Shaping the next generation: the experience of being a student mentor

Simpson, Diane and Mathews, Ian and Crawford, Karin (2011) Shaping the next generation: the experience of being a student mentor. In: 4th CERD (Centre for Educational Research and Development) Conference, 3rd June 2011, University of Lincoln. (Unpublished)

Documents
4th_CERD_research_conference_-_FINAL_-_for_repository.ppt
[img]
[Download]
4th_CERD_research_conference_-_FINAL_-_for_repository.pdf
[img]
[Download]
[img] Microsoft PowerPoint
4th_CERD_research_conference_-_FINAL_-_for_repository.ppt
Restricted to Repository staff only

2190Kb
[img]
Preview
PDF
4th_CERD_research_conference_-_FINAL_-_for_repository.pdf

2017Kb

Abstract

This presentation reports on a research project, being undertaken across two universities, evaluating the impact of students’ participation in extra-curricula volunteering activities. The literature demonstrates that there is little understanding of how extra-curricular volunteering might enhance the experience of higher education and prepare students for future roles. The main aim of the research is therefore to evaluate the motivations, expectations and experiences of students, drawn from a range of academic disciplines, for undertaking volunteering work commonly beyond their academic studies. The research draws on the particular volunteering example of mentoring young people in public care. The research questions whether and how such activities may further the development of citizenship and enhance the education of participants. A discrete theme within the study is that a number of mentors are undertaking professional courses of training, typically teacher training or social work education. Consequently, the study also examines how mentoring may inform professional development and values alongside how career choices may impact on the mentoring role.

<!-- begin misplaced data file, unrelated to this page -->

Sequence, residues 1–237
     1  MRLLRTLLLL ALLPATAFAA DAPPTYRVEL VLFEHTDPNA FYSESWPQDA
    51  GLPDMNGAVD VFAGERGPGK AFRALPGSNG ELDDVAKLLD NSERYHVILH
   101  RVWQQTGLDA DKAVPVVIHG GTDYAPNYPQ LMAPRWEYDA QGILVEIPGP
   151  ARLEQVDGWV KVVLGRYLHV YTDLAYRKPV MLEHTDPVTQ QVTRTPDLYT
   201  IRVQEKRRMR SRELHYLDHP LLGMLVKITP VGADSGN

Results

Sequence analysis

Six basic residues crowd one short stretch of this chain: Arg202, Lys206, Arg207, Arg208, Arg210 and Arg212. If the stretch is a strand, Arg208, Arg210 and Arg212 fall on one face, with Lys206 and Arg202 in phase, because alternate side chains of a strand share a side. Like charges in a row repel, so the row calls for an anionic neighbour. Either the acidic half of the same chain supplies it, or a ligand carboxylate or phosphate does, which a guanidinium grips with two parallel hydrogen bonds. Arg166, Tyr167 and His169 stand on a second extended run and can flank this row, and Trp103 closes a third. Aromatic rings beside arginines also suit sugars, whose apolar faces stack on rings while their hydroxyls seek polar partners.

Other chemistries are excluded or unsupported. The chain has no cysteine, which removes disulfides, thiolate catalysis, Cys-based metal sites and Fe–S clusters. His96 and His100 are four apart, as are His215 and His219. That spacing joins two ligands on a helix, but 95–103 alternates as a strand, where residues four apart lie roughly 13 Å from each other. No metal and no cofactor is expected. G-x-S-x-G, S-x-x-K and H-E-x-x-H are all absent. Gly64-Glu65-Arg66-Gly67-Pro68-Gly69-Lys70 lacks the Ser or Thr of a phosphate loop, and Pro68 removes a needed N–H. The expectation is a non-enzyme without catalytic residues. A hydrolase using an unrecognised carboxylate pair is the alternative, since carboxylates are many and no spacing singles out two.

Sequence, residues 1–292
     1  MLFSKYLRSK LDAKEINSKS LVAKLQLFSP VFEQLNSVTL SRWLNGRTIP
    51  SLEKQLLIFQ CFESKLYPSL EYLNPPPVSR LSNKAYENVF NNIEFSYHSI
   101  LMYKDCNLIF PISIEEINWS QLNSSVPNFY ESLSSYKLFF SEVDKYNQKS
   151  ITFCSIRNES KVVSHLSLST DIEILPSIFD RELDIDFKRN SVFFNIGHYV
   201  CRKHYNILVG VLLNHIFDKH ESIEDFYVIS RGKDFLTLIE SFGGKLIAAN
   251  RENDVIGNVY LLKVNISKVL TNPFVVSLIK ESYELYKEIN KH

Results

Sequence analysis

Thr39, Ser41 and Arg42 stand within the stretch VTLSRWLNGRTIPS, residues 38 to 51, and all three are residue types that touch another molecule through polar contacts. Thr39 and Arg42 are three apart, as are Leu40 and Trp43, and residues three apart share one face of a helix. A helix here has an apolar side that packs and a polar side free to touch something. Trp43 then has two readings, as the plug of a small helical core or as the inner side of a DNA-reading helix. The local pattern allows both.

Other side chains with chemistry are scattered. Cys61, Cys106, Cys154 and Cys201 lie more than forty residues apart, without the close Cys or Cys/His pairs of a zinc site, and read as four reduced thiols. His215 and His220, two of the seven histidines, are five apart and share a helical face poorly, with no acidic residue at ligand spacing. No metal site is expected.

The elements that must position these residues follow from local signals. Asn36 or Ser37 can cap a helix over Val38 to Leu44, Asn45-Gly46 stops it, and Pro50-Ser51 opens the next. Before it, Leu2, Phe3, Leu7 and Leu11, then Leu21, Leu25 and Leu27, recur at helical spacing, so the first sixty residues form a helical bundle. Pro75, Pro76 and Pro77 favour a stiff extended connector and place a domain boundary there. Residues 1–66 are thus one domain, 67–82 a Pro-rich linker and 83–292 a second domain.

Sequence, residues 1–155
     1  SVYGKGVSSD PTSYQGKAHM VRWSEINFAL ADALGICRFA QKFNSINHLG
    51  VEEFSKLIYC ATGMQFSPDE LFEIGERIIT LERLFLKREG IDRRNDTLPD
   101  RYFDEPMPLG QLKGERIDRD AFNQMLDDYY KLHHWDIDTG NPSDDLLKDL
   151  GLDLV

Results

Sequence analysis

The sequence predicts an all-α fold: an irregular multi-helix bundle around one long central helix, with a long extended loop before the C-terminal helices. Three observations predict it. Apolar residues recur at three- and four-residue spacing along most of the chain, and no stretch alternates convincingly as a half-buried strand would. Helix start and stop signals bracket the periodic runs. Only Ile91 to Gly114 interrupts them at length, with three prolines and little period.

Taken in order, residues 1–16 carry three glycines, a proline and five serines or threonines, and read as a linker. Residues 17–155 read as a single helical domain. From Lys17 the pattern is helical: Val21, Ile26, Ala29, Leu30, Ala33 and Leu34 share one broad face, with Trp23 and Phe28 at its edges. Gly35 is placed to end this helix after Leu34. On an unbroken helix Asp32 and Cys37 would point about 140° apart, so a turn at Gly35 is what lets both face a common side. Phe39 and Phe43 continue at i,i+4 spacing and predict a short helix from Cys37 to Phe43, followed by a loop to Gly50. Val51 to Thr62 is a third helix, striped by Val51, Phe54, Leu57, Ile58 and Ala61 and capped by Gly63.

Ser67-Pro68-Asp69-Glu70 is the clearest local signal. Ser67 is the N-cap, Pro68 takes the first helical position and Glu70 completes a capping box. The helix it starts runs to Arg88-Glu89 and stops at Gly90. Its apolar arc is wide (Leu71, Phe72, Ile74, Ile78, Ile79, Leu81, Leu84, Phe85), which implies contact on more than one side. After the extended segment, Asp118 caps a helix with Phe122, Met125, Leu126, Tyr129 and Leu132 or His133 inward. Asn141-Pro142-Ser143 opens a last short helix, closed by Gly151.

Item Type:Conference or Workshop Item (Presentation)
Additional Information:This presentation reports on a research project, being undertaken across two universities, evaluating the impact of students’ participation in extra-curricula volunteering activities. The literature demonstrates that there is little understanding of how extra-curricular volunteering might enhance the experience of higher education and prepare students for future roles. The main aim of the research is therefore to evaluate the motivations, expectations and experiences of students, drawn from a range of academic disciplines, for undertaking volunteering work commonly beyond their academic studies. The research draws on the particular volunteering example of mentoring young people in public care. The research questions whether and how such activities may further the development of citizenship and enhance the education of participants. A discrete theme within the study is that a number of mentors are undertaking professional courses of training, typically teacher training or social work education. Consequently, the study also examines how mentoring may inform professional development and values alongside how career choices may impact on the mentoring role.
Keywords:student mentors, extra-curricular volunteering, children looked after, mentoring, higher education
Subjects:X Education > X342 Academic studies in Higher Education
Divisions:College of Social Science > School of Health & Social Care
ID Code:6078
Deposited By: Diane Simpson
Deposited On:24 Aug 2012 14:41
Last Modified:13 Mar 2013 09:12

Repository Staff Only: item control page